Being able to either show that your products are made by craftspeople or artisans or in small batches then you will attract to a growing, ‘anti-commercial’ group of people.

More on exclusivity
Small artisans, by their very nature cannot produce in the quantities that large retailers demand to make it worth their while. The economies of scale just aren’t there. But don’t just think about that from a UK perspective. Being able to locate, small, unique and up-and-coming producers around the world and then importing those products will push so many buttons with consumers that should be reward with their custom.

Become the sole manufacturers
If you can be the sole manufacturer of an in-demand range of products then you can choose who sells your products. The likes of Amazon produce their own hardware, such as the Fire TV for different reasons. They want a mechanism to sell their and customers to consume their digital products (NB: we have one arriving soon). The notion for small retailers is the product itself. Creating a desired brand or, at least a respected one, will allow you to create a product that could be copied, but not resold.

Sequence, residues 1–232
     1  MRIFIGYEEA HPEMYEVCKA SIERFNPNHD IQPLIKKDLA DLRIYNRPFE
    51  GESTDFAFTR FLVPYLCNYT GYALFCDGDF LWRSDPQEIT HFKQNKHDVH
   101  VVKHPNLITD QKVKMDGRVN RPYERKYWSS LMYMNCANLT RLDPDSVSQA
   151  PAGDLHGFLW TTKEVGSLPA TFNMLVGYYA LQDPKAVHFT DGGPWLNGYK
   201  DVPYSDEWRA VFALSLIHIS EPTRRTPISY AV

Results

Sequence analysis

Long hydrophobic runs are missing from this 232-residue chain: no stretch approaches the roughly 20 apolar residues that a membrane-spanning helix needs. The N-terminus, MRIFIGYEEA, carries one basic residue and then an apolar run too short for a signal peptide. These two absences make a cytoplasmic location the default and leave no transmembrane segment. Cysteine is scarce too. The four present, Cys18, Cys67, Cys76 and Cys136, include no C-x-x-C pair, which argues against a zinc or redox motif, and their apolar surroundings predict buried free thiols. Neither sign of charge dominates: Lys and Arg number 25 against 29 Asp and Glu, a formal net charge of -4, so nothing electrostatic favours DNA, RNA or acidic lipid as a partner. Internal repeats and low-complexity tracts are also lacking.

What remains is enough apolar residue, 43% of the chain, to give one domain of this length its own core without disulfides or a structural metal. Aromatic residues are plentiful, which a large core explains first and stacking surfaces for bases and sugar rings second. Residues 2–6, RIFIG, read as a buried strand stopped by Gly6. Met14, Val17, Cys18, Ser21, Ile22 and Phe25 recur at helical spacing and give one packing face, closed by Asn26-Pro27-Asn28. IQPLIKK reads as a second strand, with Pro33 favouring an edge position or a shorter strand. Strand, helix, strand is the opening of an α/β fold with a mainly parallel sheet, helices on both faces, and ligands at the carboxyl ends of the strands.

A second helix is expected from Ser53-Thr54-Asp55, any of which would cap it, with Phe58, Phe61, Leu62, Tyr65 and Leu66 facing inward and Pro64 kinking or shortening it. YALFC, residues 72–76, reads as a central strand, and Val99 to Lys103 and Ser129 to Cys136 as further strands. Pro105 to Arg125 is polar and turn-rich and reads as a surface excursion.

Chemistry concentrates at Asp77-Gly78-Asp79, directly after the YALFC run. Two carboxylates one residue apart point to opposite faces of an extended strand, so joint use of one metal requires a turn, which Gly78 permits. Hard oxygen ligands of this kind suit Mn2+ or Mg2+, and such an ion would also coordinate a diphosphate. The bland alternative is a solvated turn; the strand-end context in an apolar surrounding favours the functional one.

It is important to remember that Amazon, Tesco, eBay and other companies of their ilk are successful because they give customers access to a wide range of products, cheaply and quickly. But that doesn’t mean that they will appeal to everyone. Nor does it mean that they will ultimatley be able to stock every produt the world has to offer. What it does mean is that you should fight battles you can win. Unless you can build up a great deal of brand loyalty you will find it difficult to compete with them on commoditsed products. Your best bet is to look at markets which operate at a level where there can be no economies of scale, or for products that you control the manufacturer of.

Consumption may be a binary concept on a micro level: either people consume from you or they don’t. But that doesn’t mean that all markets are binary. Look to your strengths, build upon them and exploit them. Understand what your potential customers want and how they want to purchase.